Skip to content
My WebMD Sign In, Sign Up

Healthy Dogs

Font Size

Corneal Injuries and Problems in Dogs

Corneal Ulcer continued...

Treatment: Early veterinary consultation and treatment is vital to prevent serious complications and even loss of the eye. Medical treatment is similar to that described for a corneal abrasion, except that ulcers take more time to heal. Your veterinarian may recommend injecting antibiotics directly into the eye beneath the conjunctiva.

Surgical treatment involves suturing the third eyelid or a flap of conjunctiva over the surface of the eye to protect the cornea during healing. Soft contact lenses and collagen shields are other methods of protecting a damaged cornea. The advantage of a contact lens is that it can be changed weekly to observe and treat the ulcer. Collagen shields need to be replaced periodically because they degrade and disappear within a few days. Your dog may need to wear an Elizabethan or BiteNot collar while the eye is healing to prevent rubbing or pawing at the eye.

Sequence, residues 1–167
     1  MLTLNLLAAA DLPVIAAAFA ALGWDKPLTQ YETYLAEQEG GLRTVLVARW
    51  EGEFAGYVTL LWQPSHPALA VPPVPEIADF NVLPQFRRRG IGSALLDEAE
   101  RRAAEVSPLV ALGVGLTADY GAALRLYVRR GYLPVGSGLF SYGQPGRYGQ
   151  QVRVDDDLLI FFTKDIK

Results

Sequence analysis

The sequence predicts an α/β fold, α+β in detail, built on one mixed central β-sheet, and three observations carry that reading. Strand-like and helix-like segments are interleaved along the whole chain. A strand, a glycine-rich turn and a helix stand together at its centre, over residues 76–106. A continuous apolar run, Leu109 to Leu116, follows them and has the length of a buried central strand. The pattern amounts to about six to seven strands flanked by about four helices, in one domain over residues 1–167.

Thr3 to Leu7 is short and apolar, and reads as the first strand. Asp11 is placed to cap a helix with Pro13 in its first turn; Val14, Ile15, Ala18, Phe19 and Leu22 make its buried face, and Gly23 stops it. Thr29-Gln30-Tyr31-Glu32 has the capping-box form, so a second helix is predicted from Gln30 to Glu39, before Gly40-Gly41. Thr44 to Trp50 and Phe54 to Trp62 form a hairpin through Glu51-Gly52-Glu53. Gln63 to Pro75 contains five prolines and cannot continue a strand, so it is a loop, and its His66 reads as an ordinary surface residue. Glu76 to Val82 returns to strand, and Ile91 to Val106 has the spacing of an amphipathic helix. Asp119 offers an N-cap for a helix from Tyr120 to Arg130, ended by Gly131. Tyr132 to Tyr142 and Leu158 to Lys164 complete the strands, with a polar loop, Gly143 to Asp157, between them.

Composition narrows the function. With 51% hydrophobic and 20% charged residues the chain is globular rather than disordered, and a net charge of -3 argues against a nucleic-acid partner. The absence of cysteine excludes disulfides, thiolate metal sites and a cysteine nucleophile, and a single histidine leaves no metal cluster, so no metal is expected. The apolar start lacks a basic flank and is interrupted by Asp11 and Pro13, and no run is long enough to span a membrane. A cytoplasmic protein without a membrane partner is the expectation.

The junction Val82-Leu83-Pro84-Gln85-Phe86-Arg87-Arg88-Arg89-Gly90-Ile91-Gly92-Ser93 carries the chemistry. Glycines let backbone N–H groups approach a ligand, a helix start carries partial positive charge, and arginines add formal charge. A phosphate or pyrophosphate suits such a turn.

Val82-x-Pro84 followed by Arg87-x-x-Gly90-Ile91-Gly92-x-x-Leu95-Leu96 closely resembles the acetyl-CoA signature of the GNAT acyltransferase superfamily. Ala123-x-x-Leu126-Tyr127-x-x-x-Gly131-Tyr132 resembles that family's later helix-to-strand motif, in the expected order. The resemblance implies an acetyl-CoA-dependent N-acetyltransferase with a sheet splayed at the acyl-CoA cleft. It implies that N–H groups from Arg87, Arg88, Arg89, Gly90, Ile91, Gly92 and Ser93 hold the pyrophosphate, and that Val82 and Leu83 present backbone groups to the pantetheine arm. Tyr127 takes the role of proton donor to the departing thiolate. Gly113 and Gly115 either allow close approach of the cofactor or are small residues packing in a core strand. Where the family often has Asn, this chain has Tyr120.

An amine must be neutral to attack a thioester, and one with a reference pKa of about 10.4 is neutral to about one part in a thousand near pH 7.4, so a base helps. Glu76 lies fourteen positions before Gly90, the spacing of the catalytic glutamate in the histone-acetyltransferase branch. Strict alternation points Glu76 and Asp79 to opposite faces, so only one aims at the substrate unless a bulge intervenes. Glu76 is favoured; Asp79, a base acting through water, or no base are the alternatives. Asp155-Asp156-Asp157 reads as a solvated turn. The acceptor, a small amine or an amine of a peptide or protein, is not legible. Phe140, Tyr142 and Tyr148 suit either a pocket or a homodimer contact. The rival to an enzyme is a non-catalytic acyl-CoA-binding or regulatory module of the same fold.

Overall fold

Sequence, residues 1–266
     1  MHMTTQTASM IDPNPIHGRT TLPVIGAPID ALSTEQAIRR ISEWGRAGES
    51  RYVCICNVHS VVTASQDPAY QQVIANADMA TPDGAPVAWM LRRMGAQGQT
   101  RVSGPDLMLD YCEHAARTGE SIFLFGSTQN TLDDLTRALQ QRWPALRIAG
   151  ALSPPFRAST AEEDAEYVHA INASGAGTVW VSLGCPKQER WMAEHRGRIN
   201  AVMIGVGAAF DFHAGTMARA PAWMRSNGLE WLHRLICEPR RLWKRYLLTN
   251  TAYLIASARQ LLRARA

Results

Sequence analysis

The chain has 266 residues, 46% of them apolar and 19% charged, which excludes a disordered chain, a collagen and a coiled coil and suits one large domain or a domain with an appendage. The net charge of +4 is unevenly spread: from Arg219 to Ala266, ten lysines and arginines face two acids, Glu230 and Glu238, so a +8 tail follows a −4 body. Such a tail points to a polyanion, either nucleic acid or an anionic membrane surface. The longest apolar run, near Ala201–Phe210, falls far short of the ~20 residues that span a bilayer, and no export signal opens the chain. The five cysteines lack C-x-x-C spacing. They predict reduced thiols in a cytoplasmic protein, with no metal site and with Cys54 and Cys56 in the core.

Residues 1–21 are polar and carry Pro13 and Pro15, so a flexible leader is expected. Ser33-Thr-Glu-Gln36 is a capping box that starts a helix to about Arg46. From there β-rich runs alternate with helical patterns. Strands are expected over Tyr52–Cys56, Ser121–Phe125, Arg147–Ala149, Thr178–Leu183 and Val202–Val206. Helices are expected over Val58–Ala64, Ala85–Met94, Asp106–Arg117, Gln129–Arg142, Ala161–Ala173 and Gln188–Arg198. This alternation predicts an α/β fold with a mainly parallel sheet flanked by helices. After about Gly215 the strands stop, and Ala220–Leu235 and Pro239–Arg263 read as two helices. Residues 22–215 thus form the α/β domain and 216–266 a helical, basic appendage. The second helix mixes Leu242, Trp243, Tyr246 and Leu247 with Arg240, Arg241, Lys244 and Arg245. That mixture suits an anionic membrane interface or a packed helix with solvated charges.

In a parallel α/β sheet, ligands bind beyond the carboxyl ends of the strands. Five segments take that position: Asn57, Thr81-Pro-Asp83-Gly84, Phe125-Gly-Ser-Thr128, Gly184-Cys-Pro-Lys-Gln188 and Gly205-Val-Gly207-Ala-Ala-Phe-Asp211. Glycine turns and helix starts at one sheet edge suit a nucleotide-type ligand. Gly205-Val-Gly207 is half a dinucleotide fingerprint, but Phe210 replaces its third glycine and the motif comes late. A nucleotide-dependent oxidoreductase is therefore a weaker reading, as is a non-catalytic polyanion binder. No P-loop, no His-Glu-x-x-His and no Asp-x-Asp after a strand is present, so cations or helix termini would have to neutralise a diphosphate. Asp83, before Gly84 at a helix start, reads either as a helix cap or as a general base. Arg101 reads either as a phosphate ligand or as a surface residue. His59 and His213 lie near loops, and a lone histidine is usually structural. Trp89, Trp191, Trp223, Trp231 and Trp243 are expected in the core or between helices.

Rupture of the eye into the anterior chamber can be anticipated if the cloudy central portion of a deep ulcer begins to clear, or the endothelial layer protrudes like a bulging tire. This can be recognized by your veterinarian. It is an emergency. Immediate surgery is necessary to prevent loss of the eye.

1|2

WebMD Veterinary Reference from "Dog Owner's Home Veterinary Handbook"

Today on WebMD

boxer dog
Slideshow
dog on couch
Evaluator
 
bad dog
Slideshow
Sad dog and guacamole
Slideshow
 
Pit bull looking up
Article
Pets: Is My Dog Normal
Slideshow
 
Dog scratching behind ear
Slideshow
dog catching frisbee
Slideshow
 
Dog Breed RMQ
Quiz
puppy eating
Slideshow
 
pooldle
Slideshow
ashamed yorkshire terrier
Slideshow